When hearing the word distraction, what comes to mind? According to the New Oxford American Dictionary, distraction has three distinct meanings. The most common refers to anything that keeps us from giving our full attention to something else. Often we view that “something else” as more important than whatever or whoever is interrupting us. Sometimes it is. Others absolutely not. The definition is ambivalent. The situation determines what’s a bane and what’s a blessing.
If I’m concentrating on writing a blog post and constantly being interrupted, the interruptions are keeping me from focusing my full attention on my writing. That’s a hindrance. On the other hand, child life specialists use distraction toys and techniques to divert a child’s attention away from a frightening or painful scenario. Such distractions reduce stress and increase the child’s ability to cope. Similarly, distractions help prevent or minimize emotional meltdowns in children.
Additional definitions, “diversion or recreation” and “extreme agitation of the mind or emotions,” reflect the same polarities as the primary meaning. Perhaps if we embrace this duality of meaning, we can avoid extreme agitation by allowing ourselves a brief diversion. Breathe deeply. Find a quiet place – preferably outdoors – and simply sit. Take a walk. Balance is crucial to our well-being.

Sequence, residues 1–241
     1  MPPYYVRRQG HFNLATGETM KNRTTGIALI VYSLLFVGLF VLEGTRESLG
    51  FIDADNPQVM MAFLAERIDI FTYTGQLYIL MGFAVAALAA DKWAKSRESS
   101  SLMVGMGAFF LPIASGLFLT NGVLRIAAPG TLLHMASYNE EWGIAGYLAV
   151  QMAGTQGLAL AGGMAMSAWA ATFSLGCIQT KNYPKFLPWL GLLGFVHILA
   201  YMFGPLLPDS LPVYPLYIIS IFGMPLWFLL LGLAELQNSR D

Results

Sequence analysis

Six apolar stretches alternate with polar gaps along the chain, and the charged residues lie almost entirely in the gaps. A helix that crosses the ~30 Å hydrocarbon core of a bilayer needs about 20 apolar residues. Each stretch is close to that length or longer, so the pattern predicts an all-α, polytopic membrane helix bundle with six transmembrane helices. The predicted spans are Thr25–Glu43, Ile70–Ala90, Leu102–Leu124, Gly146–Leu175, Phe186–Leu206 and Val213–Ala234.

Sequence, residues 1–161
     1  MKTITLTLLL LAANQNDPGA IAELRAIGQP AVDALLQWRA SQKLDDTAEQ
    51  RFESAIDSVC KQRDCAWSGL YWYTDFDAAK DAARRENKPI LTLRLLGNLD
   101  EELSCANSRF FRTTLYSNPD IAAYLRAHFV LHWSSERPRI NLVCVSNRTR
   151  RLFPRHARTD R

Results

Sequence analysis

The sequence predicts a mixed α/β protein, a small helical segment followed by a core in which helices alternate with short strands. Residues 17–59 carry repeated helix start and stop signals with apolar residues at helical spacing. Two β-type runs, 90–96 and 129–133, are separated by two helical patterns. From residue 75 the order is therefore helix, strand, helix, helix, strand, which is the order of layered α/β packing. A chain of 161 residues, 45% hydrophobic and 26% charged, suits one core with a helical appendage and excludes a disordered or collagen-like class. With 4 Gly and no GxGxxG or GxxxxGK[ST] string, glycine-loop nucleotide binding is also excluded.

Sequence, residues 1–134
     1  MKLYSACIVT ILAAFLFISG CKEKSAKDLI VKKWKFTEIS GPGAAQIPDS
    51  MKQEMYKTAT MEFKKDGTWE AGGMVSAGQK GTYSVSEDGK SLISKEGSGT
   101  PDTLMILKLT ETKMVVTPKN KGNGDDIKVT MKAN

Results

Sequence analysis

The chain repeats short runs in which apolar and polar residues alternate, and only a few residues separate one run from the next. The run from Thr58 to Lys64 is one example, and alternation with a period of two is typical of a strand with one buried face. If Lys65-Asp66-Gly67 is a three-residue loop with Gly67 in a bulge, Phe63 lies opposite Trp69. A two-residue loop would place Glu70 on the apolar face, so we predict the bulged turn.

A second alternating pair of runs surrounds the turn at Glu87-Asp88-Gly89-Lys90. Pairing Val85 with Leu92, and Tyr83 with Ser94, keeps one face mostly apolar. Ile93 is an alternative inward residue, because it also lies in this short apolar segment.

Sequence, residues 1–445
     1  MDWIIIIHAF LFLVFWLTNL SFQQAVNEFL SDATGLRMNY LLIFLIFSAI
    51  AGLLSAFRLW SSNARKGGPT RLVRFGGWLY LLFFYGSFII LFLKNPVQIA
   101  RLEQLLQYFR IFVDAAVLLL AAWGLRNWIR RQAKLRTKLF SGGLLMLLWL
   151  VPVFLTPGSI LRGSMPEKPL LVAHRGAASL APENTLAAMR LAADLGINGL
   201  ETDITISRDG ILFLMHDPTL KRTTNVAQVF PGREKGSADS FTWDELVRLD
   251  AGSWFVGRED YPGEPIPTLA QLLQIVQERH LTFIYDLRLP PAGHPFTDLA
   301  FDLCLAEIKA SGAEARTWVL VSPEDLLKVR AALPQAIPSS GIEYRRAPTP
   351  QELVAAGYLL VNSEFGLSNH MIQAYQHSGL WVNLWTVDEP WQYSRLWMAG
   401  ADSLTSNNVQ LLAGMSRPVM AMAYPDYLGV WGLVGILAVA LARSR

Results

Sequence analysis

C. S. Lewis wrote “Children are NOT a distraction from more important work. They are THE MOST important work.” Most parents would agree, at least in principle. Our most important work is rearing our children. Doing so is our privilege and our responsibility, and we take that seriously.
Being responsible parents means providing for our children: clothing, food, shelter, health care, and education. To accomplish this, we engage in other important work – that of earning a living. If we’re not mindful, our jobs can drive us to distraction. We’re called upon to create boundaries and establish equilibrium among myriad important tasks including our most important one.
Interrupt the cycle by creating a diversion. Spend time in a leisure pursuit with your children. Switch off electronic devices and play. What play means to you and your children will depend on ages, stages, interests, and available resources.
With holidays approaching, consider baking, making cards, or decorating butcher or craft paper for one-of-a-kind gift wrap. Explore service opportunities in your community and choose one to brighten the holidays for others. Perhaps read aloud a favorite holiday story or sing familiar songs at a retirement home. What’s important is being together, sharing experiences, making memories. Creating positive experiences for others shows our children the importance of kindness. They learn such lessons best from watching us. Whatever words we use, our actions speak louder.
Now back to the word of the day – distraction. Be mindful of interruptions to your most important work and use recreation and leisure pursuits to avoid being driven to a state of mental distress. Breathe deeply, slow the pace, and savor the moment.
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